1. The Phelps volume was clearly very influential in the late 1970's. This supports Paul Krugman's memory, and my own.
2. The beginnings of the split between New Classical and New Keynesian approaches was already apparent in the late 1970's. I saw several references to the distinction between Fisher and Phelps on the interpretation of the Phillips Curve. (Fisherian market-clearing with misperceptions vs Phelpsian disequilibrium price adjustment). This too supports Paul Krugman's memory.
3. We received a very broad education in short run macroeconomics and monetary theory. Probably much broader than today's students. That tends to support the Dark Age hypothesis.
4. But there is one glaring omission from our education: we did lots of short run business cycle theory but almost no long run growth theory. We briefly covered the Solow growth model, but only as a prelude to money and growth. There was no interest in growth theory per se! If growth theory is important, and it is, that directly contradicts the Dark Age hypothesis. We barely touched on half of macro! The late 1970's were the Dark Age, for growth theory.
Why did we ignore growth theory?
Growth theory wasn't on the agenda. It wasn't that growth was unimportant; just that there seemed to be nothing important to say about it. All the exciting policy debates were about inflation and unemployment, not long run growth. All the exciting theoretical developments were about inflation and unemployment, not long run growth. "Endogenous" growth theories (a stupid misnomer, because growth is endogenous in Solow too, just with an extremely simple functional relationship to the exogenous variables, namely g=n) came later.
Fiscal policy has been off the agenda for much the same reasons, until recently.
(5. We spent surprisingly little time on open economy macroeconomics as well, for a Canadian school.)
OK. Let's compare notes!
This is very similar to my own experience, we also did very little growth theory (nothing beyond Solow-Swan, also as a prelude to looking at whether money was "superneutral"), and I didn't take any international at all - it wasn't part of the macro sequence (the international economy was not considered very important for understanding business cycle fluctuations). The emphasis was on short-run stabilization policy, monetary policy in particular. However, my experience was a bit different in that by the time I got to graduate school in the early 1980s, the split between saltwater and freshwater economists was well underway.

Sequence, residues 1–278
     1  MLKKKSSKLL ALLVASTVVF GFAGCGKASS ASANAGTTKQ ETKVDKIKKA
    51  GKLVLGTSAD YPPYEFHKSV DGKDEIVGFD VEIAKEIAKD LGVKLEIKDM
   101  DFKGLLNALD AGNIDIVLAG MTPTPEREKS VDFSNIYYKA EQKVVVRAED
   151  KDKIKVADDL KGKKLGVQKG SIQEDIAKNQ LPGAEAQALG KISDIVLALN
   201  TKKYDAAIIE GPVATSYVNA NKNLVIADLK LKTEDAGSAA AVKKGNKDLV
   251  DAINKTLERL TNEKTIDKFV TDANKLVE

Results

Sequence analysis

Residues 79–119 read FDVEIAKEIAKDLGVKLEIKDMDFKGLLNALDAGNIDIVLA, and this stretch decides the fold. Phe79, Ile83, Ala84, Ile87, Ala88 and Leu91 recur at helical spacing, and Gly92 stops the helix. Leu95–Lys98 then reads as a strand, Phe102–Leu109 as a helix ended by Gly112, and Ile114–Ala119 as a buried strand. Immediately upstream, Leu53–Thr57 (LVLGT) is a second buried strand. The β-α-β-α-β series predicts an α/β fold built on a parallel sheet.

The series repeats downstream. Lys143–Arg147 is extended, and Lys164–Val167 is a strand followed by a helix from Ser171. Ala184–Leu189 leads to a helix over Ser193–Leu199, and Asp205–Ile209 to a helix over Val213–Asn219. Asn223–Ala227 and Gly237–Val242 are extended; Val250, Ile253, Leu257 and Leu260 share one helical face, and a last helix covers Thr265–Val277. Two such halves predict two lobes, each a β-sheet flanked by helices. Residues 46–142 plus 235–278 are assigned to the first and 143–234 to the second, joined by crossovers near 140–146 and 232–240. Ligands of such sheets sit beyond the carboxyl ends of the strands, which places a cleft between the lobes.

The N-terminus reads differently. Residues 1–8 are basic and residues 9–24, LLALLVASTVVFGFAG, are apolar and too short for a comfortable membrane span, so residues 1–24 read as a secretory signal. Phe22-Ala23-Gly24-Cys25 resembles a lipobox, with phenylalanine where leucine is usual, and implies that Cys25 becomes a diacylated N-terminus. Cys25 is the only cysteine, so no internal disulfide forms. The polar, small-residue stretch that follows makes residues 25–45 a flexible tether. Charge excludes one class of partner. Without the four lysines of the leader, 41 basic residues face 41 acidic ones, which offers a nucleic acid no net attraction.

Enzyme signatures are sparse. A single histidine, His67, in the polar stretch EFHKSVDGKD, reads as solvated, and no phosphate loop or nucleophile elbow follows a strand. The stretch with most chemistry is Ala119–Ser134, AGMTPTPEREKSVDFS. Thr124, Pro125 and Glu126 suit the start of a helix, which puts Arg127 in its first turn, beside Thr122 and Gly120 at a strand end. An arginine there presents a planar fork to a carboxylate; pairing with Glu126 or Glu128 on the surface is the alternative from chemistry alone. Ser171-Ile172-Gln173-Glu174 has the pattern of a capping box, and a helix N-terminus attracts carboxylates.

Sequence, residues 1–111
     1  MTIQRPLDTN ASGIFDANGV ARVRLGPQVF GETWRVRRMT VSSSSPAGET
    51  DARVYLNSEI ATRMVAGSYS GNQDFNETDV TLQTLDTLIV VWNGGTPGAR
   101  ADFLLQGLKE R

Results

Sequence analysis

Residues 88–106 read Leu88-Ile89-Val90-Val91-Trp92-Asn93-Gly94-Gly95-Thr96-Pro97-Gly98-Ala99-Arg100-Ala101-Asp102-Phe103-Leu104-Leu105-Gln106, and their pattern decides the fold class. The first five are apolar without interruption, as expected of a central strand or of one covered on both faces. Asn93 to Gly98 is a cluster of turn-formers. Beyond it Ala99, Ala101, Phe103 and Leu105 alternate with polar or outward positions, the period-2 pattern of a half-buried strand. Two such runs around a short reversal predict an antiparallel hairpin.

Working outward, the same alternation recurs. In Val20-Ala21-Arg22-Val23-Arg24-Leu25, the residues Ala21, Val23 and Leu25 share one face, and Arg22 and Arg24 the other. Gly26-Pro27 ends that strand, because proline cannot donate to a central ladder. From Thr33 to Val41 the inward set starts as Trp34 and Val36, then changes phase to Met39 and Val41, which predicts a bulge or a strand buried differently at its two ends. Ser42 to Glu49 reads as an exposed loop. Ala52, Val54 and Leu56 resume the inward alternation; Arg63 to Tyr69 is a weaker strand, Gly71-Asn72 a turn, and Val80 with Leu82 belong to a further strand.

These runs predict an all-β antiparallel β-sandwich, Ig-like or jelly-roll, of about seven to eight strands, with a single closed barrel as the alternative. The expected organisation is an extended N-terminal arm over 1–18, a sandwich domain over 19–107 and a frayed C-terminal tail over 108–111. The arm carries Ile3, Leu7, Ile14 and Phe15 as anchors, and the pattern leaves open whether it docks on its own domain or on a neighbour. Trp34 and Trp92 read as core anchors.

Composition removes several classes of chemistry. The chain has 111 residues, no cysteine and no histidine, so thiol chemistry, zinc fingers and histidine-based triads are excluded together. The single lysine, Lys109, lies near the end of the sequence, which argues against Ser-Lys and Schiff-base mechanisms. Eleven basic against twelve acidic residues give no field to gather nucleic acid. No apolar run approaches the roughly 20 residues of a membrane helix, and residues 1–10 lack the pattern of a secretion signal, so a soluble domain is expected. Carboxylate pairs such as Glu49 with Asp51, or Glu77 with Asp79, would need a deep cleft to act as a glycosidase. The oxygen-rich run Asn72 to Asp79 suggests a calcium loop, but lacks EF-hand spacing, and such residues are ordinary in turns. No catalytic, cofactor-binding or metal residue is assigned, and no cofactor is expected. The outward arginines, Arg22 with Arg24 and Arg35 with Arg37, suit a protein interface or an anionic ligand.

Paul Krugman says:
But by 1980 or 1981 it was basically clear to everyone that the Lucas project – the attempt to explain the evidently Keynesian behavior of the economy in terms of nothing but imperfect information – had failed. So what were macroeconomic theorists supposed to do?
The answer was that they split. One faction said, in effect, “OK: we can’t explain what we think we see in terms of full maximization. So we have to assume that there are some limits to maximization – costs of changing prices, bounded rationality, whatever.” That faction became New Keynesian, saltwater economics.
The other faction said, in effect, “OK: we can’t explain what we think we see in terms of full maximization. So we must be interpreting the data wrong – things like changes in the money supply must not be driving recessions, because theory says they can’t.” That faction became real business cycle, freshwater economics.
Here's what I said about this just under two and a half years ago (edited slightly). As you can see, even though this was written well before Krugman's statement, it basically agrees with his assertion that everyone knew the New Classical model was in trouble by 1980 or 1981 (the Mishkin paper noted below was published, I believe, in 1982, but given the long publication lags the results were well known long before then). It also agrees with his comments that one faction, the New Keynesians, built upon the old Keynesian structure by giving it rational agents and microfoundations who operated in an environment beset with rigidities of one type or another (these rigidities prevent agents from fully neutralizing nominal shocks such as changes in the money supply), and the other faction reemerged as the real business cycle school: